Browse Definitions :
Definition

card dipping (EMV card dipping)

Card dipping is the insertion of a credit or debit card into a reader in an automated teller machine (ATM) or EMV point of sale (POS) terminal.

Dipping can be contrasted with swiping, the act of sliding a magnetic stripe card quickly through a magnetic stripe reader.  When a cardholder swipes their magnetic card at a retailer, the point-of-sale terminal reads the card’s magstripe and sends the acquired data to the card issuer for authorization. As an additional security mechanism, the cardholder may be asked to provide another authentication factor by entering a personal identification number (PIN) or by providing a signature.

With dipping, the card is inserted into the reader chip-side first.  The card remains in the reader until the dip reader spits the card out or provides the cardholder with an audible or visual signal that indicates the reader has acquired the information it needs from the card's embedded microchip. Industry pundits may also refer to chip dipping as "chip and dip."

As with magnetic card authorizations, smart chip cardholders may be asked to provide a second authentication factor.  In the United States, this is typically a signature authorization but in other parts of the world, the second factor is most often a PIN or biometric payment identification factor such as palm, voice, iris or facial recognition.

CreditCards.com has a video that explains more about EMV smart card dipping.

This was last updated in October 2015

Continue Reading About card dipping (EMV card dipping)

Join the conversation

1 comment

Send me notifications when other members comment.

Please create a username to comment.

Is it possible to update POS software by running script?
Cancel

-ADS BY GOOGLE

File Extensions and File Formats

Powered by:

SearchCompliance

  • regulatory compliance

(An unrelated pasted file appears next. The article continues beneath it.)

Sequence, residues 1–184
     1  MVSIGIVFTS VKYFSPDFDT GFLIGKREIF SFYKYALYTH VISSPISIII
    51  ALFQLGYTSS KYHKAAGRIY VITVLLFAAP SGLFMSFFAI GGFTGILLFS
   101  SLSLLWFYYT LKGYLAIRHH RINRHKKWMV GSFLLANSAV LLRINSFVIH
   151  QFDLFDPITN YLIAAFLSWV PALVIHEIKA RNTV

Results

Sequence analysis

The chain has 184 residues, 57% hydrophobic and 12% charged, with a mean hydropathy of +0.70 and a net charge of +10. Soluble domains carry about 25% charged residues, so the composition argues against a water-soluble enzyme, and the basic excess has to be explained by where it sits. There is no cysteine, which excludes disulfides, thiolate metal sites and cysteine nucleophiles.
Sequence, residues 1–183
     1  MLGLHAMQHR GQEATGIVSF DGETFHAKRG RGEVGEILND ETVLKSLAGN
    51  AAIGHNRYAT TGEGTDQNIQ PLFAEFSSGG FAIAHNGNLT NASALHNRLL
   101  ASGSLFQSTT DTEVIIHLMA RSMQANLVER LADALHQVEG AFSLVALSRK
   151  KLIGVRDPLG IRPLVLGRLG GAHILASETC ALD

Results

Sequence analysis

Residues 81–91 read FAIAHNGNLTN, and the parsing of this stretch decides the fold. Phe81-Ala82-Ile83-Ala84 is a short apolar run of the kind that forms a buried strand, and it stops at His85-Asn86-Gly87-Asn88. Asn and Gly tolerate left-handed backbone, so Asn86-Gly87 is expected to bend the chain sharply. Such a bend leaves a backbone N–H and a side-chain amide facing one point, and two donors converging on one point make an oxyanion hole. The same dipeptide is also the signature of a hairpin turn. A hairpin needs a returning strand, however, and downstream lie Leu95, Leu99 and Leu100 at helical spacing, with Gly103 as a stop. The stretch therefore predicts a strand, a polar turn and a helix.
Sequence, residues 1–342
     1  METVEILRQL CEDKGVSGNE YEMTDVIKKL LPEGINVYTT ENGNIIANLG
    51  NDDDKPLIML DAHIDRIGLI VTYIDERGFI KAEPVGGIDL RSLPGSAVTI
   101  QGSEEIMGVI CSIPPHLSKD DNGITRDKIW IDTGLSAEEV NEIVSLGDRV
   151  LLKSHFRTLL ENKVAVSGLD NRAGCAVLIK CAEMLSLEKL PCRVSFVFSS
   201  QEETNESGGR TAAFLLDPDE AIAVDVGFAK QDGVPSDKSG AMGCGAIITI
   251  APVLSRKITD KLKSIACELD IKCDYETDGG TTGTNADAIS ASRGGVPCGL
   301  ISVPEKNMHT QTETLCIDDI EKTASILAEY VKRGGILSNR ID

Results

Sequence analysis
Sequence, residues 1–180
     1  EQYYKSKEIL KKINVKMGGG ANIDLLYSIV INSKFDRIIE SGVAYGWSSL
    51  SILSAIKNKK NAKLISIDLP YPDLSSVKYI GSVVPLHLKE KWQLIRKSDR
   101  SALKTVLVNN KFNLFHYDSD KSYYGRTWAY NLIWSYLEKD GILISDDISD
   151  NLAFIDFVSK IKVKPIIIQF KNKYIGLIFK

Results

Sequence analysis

Regulatory compliance is an organization's adherence to laws, regulations, guidelines and specifications relevant to its business...

  • privacy compliance

    Privacy compliance is a company's accordance with established personal information protection guidelines, specifications or ...

  • data governance policy

    A data governance policy is a documented set of guidelines for ensuring that an organization's data and information assets are ...

SearchSecurity

  • asymmetric cryptography (public key cryptography)

    Asymmetric cryptography, also known as public-key cryptography, is a process that uses a pair of related keys -- one public key ...

  • Evil Corp

    Evil Corp is an international cybercrime network that uses malicious software to steal money from its victims' bank accounts.

  • Plundervolt

    Plundervolt is a method of hacking that involves depriving an Intel chip of power so that processing errors occur.

SearchHealthIT

  • telemedicine (telehealth)

    Telemedicine is the remote delivery of healthcare services, such as health assessments or consultations, over the ...

  • Project Nightingale

    Project Nightingale is a controversial partnership between Google and Ascension, the second largest health system in the United ...

  • medical practice management (MPM) software

    Medical practice management (MPM) software is a collection of computerized services used by healthcare professionals and ...

SearchDisasterRecovery

SearchStorage

  • M.2 SSD

    An M.2 SSD is a solid-state drive (SSD) that conforms to a computer industry specification written for internally mounted storage...

  • RAID (redundant array of independent disks)

    RAID (redundant array of independent disks) is a way of storing the same data in different places on multiple hard disks or ...

  • cache memory

    Cache memory, also called CPU memory, is high-speed static random access memory (SRAM) that a computer microprocessor can access ...

Close